South Koreans have been more cautious in their assessments. They note that Kilju is a heavily populated area, making it a poor choice for a nuclear test. The Defense Ministry told reporters this week that Kilju had been under scrutiny since the late '90s for signs of unusual activity. Other South Koreans have said it is one of several sites in North Korea that could be used to test atomic weapons.

What might the North Koreans be up to? Hoping that, with alarm bells ringing around the Beltway, Bush will decide to do something to keep the apocalpytic nuclear test at bay. Suzanne and the Democracy Arsenal types would have us jump--pretty much at Kim Jong's bidding--into bilateral negotiations to break the impasse. This has failed as a strategy before; and I'd be very hesitant to go down that road again. B.D's thoughts? Consider trilateral break-out sessions during the next six-party talks among China, the U.S. and North Korea. Such a forum would allow for exploration of potential areas of compromise and perhaps allow for some headway (assuming the Chinese are not secretly signaling, wink-wink, to Pyongyang that they don't mind the rough status quo). Regardless, at least such an informal, trilateral break-out wouldn't reward the North Koreans with the major concession they have been hankering for for years (bilateral negotiations) just because the New York Times banners a lede about a possible reviewing stand going up around Kilju and the Brookings gang gets atwitter that something be done. Frankly, Suzanne's handwringing that we must be seen to have turned over every rock so as to get Beijing and Moscow ready to play tough at the UNSC strikes me rather a waste of time and a pretty futile exercise all told. Is all this but an "ABC" diatribe (Anything But Clinton?) from the right? No, not really, though I will say Clinton's North Korean policy was really quite sad indeed.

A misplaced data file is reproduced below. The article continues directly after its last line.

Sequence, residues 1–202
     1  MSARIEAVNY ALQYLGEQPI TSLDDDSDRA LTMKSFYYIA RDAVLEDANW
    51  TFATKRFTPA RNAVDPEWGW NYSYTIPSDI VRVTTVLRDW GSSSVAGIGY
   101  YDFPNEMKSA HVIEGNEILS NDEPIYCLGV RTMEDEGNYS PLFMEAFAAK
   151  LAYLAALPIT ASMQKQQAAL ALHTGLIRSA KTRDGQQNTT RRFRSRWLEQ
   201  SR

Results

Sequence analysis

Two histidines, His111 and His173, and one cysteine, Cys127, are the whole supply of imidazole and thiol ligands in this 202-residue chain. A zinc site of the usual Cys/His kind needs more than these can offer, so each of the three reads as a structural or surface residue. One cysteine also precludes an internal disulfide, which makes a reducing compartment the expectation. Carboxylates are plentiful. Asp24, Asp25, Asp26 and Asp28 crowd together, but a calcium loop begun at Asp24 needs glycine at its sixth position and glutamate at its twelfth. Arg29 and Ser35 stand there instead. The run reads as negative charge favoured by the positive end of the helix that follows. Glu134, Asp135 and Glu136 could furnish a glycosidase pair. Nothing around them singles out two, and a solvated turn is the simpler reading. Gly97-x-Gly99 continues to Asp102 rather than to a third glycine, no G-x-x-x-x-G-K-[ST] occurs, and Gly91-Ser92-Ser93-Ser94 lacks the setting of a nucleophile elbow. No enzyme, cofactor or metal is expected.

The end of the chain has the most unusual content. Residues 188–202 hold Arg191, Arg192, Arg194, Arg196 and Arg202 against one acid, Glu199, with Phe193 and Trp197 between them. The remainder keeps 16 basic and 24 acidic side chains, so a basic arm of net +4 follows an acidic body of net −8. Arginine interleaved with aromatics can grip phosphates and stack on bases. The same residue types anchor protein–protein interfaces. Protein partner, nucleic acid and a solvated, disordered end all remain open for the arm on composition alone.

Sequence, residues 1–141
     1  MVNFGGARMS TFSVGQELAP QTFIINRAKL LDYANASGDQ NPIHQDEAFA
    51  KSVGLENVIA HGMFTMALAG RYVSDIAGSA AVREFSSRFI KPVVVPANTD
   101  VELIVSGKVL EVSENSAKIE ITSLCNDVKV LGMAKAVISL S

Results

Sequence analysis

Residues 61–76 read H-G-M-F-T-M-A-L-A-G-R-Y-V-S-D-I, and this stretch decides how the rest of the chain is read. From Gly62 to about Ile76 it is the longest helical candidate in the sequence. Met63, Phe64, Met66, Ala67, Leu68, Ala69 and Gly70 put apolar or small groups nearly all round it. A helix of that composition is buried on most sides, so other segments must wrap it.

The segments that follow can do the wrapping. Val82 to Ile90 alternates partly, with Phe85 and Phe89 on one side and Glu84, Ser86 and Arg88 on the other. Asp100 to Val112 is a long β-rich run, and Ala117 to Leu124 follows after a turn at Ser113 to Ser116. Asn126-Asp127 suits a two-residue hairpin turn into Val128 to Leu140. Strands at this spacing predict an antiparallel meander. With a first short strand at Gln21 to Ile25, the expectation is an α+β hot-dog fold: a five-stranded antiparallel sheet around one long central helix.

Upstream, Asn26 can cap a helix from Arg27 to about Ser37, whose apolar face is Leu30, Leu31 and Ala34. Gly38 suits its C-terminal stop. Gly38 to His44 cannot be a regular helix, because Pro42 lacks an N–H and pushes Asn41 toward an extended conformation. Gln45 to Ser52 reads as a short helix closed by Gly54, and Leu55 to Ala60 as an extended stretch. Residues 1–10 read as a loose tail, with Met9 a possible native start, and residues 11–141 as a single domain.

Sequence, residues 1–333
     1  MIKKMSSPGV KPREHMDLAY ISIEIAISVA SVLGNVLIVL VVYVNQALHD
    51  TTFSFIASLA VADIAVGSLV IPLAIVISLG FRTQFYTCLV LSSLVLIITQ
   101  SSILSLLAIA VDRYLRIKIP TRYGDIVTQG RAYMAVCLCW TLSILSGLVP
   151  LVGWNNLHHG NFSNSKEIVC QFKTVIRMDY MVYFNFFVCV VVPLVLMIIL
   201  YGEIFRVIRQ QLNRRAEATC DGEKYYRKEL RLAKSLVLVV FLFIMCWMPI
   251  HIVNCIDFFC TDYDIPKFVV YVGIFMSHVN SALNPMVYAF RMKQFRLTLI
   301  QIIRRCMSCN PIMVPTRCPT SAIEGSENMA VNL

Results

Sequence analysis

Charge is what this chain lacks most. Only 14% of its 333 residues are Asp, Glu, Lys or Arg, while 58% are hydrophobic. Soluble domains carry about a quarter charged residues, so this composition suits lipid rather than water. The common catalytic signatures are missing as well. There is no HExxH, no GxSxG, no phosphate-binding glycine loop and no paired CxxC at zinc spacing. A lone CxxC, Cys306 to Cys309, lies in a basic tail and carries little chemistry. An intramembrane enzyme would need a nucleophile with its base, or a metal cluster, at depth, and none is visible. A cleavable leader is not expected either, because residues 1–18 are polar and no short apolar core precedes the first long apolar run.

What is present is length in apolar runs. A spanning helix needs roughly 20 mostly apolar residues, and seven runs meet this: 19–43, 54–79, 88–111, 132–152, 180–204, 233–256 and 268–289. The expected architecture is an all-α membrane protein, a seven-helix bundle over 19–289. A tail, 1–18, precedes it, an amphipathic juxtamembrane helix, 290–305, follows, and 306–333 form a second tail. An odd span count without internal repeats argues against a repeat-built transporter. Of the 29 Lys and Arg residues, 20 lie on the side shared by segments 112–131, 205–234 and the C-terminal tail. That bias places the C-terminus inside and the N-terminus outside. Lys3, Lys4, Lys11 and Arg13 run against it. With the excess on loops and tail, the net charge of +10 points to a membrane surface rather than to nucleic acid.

Note too, the Carnegie Report that Derek Cholett approvingly points to here doesn't really move the North Korea policy debate forward much. Oh yes, go ahead and develop an "international consensus" at the UNSC. Yes too, throw in a special envoy while you're at it who is "empowered" (and what of poor Chris Hill?). "Further enhance" our relations with Seoul and Tokyo too! And so on. Nothing really new here, folks. And the Carnegie etude ducks the Big Question of whether talks need be bilateral. Bottom line: Bush is handling an immensely complex North Korean situation about as well as could be. The sniping from Suzanne notwithstanding. Oh, ok, I'll concede there's been a scent of drift in the air of late. But at least Bush hasn't been proferring carrots, willy-nilly, while the recipient of all the largesse cheats and makes a mockery of all the agreed-frameworking in the air...that, of course, was the record of the Administration Suzanne served.